Panama and pajama games
Offshore accounts are nothing new. Their semi-legal and unethical status is well known. Corporate and crony capitalism produce outrageous inequality and concentrations of economic and political power. The wealthy and powerful of the world have secretly stashed away in excess of $20tr in offshore and other tax havens. Moreover, the vast majority of such activity is criminal, illegal or politically unacceptable. Even the inimitable Donald Rumsfeld might agree all this is a “known known.”
Pakistan has long been rated as one of the most corrupt countries of the world especially if its corruption is measured as a proportion of its economic size. The financial probity of the leadership of at least two of the country’s three major national parties is reputed to be very dubious. No institution that wields power and authority in Pakistan, whatever degree of national reverence it may command, has been a paragon of virtue. There are no innocents.
So our embattled prime minister can well say he is in good (or bad) company both at home and abroad. His jiyalas may well ask ‘what else is new?’ Pakistan’s ‘political norm’ has long embraced criminal and self-serving political leadership. The general chorus has been ‘God will somehow take care of the country He brought into being!’
Accordingly, the frequency of such ‘political and ethical crises’ has risen to almost one a week. This, of course, accounts for the brief shelf-life of any scandal no matter how egregious it may appear to the untrained eye. It also explains why at any one time several such scandals occur making it extremely difficult for moral outrage to focus sufficiently on any one of them. Thank heaven for small mercies!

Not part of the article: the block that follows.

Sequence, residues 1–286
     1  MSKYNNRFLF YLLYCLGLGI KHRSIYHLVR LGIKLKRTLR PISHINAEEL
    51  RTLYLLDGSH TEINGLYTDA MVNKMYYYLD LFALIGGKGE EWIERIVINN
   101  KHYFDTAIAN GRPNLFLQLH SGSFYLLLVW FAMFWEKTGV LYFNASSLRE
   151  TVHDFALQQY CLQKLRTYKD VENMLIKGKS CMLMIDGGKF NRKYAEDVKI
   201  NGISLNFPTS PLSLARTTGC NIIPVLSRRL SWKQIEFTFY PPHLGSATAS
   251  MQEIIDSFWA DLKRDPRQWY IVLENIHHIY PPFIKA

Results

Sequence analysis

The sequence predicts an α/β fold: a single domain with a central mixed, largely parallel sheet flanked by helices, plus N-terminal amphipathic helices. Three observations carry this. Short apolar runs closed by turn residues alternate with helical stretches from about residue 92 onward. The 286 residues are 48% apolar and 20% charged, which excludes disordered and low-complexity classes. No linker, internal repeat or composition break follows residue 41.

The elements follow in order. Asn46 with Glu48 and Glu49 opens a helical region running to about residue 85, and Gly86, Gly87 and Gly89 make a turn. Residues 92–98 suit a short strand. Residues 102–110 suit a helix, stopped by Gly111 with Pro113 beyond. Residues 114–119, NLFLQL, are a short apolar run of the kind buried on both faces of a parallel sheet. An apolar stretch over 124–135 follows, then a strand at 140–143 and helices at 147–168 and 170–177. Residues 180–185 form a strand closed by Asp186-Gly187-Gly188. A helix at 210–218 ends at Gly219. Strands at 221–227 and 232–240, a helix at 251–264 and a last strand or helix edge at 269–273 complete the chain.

The Panama outcome will be of national consequence for the people of Pakistan.
After all, the prime minister has not been named although his daughter was reportedly described as “politically exposed” by Mossack-Fonseco. His elder son has owned up to owning substantial properties in London and elsewhere — al Hamdulillah! His explanation of how and from where he got the money to buy these properties and invest in shell companies set up in international tax havens may be somewhat wobbly. But then whose explanations of undeclared and untaxed billions are not? Ask David Cameron. However, in his case the sum involved — £30,000 — is frankly ‘peanuts’ for our political leaders and their brilliant business tycoon offspring. It is possible some Pakistani or non-Pakistani admirers of the statesmanship and foreign policy leadership of the elder Sharif gifted the younger Sharif millions if not billions which he had no legal reason to refuse or obligation to declare to Pakistani authorities as he was living abroad — Mashallah!
As for the ‘judicial’ commission to be set up to inquire into the matter, apart from legal and procedural quibbles, the question arises: what is there to inquire into? Is it the business acumen of a non-Pakistani who may be related to a Pakistani politician? If so, a whole lot of us could become liable on that basis! There has to be something more to justify the cacophony of national indignation without reading the small print.